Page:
He built a great law firm, mentored a generation of business leaders, and is still leaving his mark on Calgary philanthropy, but legal lion Jim Palmer has one big regret – he could never persuade Albertans to vote Liberal. Now, at 83, the transplanted Maritimer is throttling back his hours at Burnet Duckworth & Palmer LLP, while watching a new economic and political age dawn in his hometown of the past 60 years. This bow-tied warrior, slowed by physical ailments but still engaged in law and public policy, looks back – and ahead.
How did you end up in Calgary?
I came here in 1952. After Dalhousie Law School, I was articling at home in Prince Edward Island and thinking of going to Toronto to look around. I got a call from a friend who was heading out to Calgary to get married and asked if I would drive with her. I came out to visit a university roommate and never went back.
Weren’t you leaving a distinguished family in the East?
My great-grandfather, Edward Palmer, was a Father of Confederation in PEI. He voted against it, but he accepted all the accolades. And he’s in the picture [Robert Harris’s group painting of the 1864 Confederation leaders] But you could feel the excitement in Calgary in 1952. Nobody gave a damn about who you were – it was about what you were.
It was different coming from PEI, which, in those days, like Ireland, was divided into Catholics and Protestants – except we didn’t shoot each other. There was none of that in Calgary. And Charlottetown had 30 lawyers and 12,000 people, but no industry – and you had to be with the party in power if you wanted to do well.
Did you miss the East?
For the first couple of years. Every time I went over a hill, I looked for the water, and there wasn’t any. At first, I articled for a firm that I didn’t like very much. If I’d been doing a little better in Calgary, I would probably have gone back to PEI, but I didn’t want to go back with my tail between my legs.
I went over to an oil company, Texaco, for nine months just to park. I had nothing to do, so I was exhausted each night. You listened for the squeak of the coffee cart at 10 and 3. A friend phoned to say there was an opening at Burnet Duckworth. I was told that Frank Burnet, at 65, had the finest legal mind in Western Canada, so I beetled over pretty fast and he became a great mentor, a wonderful guy.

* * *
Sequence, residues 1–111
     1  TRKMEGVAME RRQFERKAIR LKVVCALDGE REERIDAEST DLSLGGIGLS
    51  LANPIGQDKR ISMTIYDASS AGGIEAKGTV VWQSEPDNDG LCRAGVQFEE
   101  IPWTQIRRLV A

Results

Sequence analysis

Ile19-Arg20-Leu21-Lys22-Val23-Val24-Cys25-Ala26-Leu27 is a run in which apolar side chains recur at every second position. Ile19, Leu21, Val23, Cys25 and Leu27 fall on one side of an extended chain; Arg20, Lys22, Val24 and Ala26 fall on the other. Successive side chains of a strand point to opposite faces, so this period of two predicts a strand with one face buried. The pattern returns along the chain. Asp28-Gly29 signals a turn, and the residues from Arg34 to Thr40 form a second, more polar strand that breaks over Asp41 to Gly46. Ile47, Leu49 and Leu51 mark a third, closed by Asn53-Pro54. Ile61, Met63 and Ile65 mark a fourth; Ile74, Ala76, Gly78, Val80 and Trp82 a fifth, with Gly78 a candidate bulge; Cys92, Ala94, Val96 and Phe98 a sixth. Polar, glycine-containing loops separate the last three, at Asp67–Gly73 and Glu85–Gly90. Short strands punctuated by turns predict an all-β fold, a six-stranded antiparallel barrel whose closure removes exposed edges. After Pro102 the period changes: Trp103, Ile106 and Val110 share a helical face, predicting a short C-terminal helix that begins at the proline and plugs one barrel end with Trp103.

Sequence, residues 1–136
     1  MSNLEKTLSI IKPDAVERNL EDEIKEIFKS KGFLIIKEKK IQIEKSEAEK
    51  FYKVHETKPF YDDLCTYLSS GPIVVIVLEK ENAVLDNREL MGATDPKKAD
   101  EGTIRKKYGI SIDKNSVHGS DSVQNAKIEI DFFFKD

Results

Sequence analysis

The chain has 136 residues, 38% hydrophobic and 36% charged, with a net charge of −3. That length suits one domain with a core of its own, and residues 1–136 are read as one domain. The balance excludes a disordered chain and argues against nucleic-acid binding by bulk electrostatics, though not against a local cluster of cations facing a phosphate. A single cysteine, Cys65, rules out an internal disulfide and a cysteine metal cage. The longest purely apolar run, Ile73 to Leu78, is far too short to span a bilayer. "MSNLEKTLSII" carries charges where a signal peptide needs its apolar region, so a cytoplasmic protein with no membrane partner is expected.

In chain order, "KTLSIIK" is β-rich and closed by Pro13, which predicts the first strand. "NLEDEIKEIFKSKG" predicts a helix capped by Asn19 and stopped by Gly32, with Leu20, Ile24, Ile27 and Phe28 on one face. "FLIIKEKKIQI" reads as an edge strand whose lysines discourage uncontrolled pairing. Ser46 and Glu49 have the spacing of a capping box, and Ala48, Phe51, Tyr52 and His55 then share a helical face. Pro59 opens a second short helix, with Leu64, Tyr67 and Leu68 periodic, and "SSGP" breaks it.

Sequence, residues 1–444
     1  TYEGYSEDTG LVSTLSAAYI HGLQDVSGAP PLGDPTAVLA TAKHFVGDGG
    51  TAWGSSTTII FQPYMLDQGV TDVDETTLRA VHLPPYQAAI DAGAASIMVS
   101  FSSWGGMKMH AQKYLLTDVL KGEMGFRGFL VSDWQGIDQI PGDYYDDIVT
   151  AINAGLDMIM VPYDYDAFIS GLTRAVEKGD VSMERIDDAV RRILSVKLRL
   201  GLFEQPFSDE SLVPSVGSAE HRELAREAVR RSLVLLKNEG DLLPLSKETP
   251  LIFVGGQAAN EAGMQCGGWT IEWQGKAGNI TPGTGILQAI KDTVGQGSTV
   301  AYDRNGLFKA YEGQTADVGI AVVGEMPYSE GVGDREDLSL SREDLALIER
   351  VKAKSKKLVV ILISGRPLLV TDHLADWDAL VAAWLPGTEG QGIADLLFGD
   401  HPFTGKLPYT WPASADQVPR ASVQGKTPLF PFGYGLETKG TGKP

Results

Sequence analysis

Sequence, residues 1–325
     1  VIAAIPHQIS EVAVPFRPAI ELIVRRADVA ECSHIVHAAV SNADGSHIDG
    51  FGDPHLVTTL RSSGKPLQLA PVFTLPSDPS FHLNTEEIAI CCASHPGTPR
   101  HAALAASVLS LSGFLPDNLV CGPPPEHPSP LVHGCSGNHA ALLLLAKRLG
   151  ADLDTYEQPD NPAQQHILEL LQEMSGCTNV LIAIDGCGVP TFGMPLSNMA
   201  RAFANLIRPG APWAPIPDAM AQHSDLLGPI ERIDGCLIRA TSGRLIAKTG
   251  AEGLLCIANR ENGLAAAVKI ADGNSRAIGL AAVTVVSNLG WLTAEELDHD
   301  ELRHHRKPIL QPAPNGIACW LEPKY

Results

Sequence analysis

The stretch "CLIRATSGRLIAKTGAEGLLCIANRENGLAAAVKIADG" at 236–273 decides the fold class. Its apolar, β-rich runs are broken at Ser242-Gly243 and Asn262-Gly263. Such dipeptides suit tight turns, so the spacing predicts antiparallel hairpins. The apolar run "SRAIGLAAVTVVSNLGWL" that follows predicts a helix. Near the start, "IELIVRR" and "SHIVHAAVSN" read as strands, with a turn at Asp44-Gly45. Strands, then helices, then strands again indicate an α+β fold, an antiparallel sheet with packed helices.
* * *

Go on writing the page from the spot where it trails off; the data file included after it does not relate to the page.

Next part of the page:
You still have a summer home on PEI. Are you a Westerner or an Easterner?
Westerner. It’s the mountains. I did a lot of backpacking and hiking and I skied until three years ago. My wife Barbara, who is a better skier, said, ‘I’m not picking you up any more.’
But how has it been navigating the ups and downs of the Alberta economy?
We’ve had some tough times. We were the first ones to let people go in the 1980s, and we learned our lesson: Don’t be the first. The firm has done well over all, because we’ve been here for the right times, as well.
What was the turning point for you?
When I was with Texaco, I met a chap named Angus Mackenzie who was selling something that told you what was under the ground. I never did understand the oil industry underneath the ground, but he used to come in and we would chat. When I left Texaco, I ran into him on the street, and he said, ‘Hell, I don’t think we have a lawyer.’ It was a big turning point because he spent the rest of his life going around the world getting oil concessions and I went with him.
But I actually enjoyed practising law. When I was travelling, I would see a lot of the expats and it is a different life for them, and I liked the life here in Calgary.
Weren’t you tempted to merge your firm with another player?
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